How to Introduce Predictive Analytics Data Classifications to Your Business - dummies

How to Introduce Predictive Analytics Data Classifications to Your Business

By Anasse Bari, Mohamed Chaouchi, Tommy Jung

If your business has yet to use data classification utilized in predictive analytics, maybe it’s time to introduce it as a way to make better management or operating decisions. This process starts with an investigative step: Identifying a problem area in the business where ample data is available but currently isn’t being used to drive business decisions.

One way to identify such a problem area is to hold a meeting with your analysts, managers, and other decision-makers to ask them what risky or difficult decisions they repeatedly make — and what kind of data they need to support their decisions. If you have data that reflects the results of past decisions, be prepared to draw on it. This process of identifying the problem is called the discovery phase.

After the discovery phase, you’ll want to follow up with individual questionnaires addressed to the business stakeholders. Consider asking the following types of questions:

  • What do you want to know from the data?

  • What action will you take when you get your answer?

  • How will you measure the results from the actions taken?

If the predictive analytical model’s results produce meaningful insights, then someone must do something with it — take action. Obviously, you’ll want to see whether the results of that action add business value to the organization. So you’ll have to find a method of measuring that value — whether in terms of savings from operational costs, increased sales, or better customer retention.

As you conduct these interviews, seek to understand why certain tasks are done and how they’re being used in the business process. Asking why things are the way they are may help you uncover unexpected realizations. No point in gathering and analyzing data just for the sake of creating more data. You want to use that data to answer specific business needs.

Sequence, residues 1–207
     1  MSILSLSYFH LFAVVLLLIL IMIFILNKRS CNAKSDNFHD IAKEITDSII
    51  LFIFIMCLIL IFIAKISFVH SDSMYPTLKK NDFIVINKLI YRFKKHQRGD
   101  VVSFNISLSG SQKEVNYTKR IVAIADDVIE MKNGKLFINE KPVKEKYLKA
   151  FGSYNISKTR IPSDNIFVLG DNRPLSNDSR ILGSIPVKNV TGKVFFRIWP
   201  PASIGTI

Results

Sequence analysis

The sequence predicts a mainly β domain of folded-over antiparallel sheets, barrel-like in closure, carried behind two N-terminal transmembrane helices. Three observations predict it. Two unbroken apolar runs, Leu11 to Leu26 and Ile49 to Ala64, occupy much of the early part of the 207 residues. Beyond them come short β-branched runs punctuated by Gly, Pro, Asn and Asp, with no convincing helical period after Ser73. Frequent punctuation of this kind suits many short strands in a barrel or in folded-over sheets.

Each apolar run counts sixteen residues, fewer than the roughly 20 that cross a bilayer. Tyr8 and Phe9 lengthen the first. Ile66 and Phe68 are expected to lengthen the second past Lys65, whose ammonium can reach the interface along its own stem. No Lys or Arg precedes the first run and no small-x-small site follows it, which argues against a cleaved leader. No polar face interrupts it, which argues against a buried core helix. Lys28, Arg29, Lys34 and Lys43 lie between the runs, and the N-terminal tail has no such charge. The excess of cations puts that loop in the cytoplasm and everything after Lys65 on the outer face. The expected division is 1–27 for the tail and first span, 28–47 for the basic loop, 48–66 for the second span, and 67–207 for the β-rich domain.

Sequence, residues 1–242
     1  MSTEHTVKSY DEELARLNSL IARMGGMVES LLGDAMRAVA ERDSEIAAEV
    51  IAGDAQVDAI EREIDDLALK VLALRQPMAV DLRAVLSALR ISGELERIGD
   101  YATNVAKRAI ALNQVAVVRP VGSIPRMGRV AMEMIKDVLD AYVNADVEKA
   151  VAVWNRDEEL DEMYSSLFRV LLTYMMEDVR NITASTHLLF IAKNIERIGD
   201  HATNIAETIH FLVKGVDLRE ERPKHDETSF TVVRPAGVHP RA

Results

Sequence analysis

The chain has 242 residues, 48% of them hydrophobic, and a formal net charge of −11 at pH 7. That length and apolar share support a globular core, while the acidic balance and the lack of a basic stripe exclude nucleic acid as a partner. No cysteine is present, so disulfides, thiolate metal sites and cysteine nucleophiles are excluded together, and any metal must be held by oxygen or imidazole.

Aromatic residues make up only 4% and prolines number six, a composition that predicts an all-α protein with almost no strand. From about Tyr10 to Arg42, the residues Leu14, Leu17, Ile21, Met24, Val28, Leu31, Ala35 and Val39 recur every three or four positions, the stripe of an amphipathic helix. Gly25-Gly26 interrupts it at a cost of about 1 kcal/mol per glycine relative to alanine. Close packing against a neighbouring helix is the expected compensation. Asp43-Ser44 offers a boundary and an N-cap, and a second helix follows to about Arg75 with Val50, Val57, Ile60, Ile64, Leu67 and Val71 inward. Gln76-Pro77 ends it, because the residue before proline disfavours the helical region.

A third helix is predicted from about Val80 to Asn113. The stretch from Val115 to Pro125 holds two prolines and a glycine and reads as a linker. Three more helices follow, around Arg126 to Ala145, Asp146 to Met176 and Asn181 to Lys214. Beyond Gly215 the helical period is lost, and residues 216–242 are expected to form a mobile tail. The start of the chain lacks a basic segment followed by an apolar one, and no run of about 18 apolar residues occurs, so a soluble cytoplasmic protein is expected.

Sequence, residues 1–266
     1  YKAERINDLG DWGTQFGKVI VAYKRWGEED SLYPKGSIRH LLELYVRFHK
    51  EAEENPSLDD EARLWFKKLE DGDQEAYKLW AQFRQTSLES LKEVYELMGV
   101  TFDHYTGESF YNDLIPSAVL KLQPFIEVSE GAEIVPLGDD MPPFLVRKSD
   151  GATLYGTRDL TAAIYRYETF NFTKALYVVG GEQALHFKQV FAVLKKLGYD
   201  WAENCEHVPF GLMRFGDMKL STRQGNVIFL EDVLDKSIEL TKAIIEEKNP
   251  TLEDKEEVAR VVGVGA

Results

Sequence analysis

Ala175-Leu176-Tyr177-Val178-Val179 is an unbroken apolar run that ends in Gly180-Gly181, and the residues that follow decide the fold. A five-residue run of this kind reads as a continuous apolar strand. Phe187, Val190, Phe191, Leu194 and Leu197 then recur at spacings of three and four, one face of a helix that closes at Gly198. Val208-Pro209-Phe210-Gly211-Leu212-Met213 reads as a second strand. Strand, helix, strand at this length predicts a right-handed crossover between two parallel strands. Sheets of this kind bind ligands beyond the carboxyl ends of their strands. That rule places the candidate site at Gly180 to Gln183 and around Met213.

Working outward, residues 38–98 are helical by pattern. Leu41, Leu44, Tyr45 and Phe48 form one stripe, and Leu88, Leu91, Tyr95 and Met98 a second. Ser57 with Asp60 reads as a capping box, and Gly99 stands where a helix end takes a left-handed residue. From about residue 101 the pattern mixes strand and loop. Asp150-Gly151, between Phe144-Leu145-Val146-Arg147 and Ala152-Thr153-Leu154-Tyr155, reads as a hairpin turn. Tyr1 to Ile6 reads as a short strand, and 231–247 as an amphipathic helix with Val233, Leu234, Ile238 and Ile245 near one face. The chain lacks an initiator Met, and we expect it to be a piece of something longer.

For the data scientist or modeler, this exercise defines what kinds of data must be classified and analyzed — a step essential to developing a data classification model. A basic distinction to begin with is whether the data you’ll use to train the model is internal or external:

  • Internal data is specific to your company, usually draws from your company’s data sources, and can include many data types — such as structured, semi-structured, or unstructured.

  • External data comes from outside the company, often as data bought from other companies.

Regardless of whether the data you use for your model is internal or external, you’ll want to evaluate it first. Several questions are likely to crop up in that evaluation:

  • How critical and accurate is the data in question? If it’s too sensitive, it may not serve your purposes.

  • How accurate is the data in question and if its accuracy is questionable, then its utility is limited.

  • How do company policy and applicable laws allow the data to be used and processed? You may want to clear the use of the data with your legal department for any legal issues that could arise. (See the accompanying sidebar for a famous recent example.) .

When you’ve identified data that is appropriate to use in the building of your model, the next step is to classify it — to create and apply useful labels to your data elements. For instance, if you’re working on data about customers’ buying behavior, the labels could define data categories according to how some groups of customers buy, along these lines:

  • Seasonal customers could be those who shop regularly or semi-regularly.

  • Discount-oriented customers could be those who tend to shop only when major discounts are offered.

  • Faithful customers are those who have bought many of your products over time.

Predicting the category that a new customer will fit can be of great value to the marketing team. The idea is to spend time and money efficiently on identifying which customers to advertise to, determining which products to recommend to them, and choosing the best time to do so.

A lot of time and money can be wasted if you target the wrong customers, probably making them less likely to buy than if you hadn’t marketed to them in the first place. Using predictive analytics for targeted marketing should aim not only at more successful campaigns, but also at the avoidance of pitfalls and unintended consequences.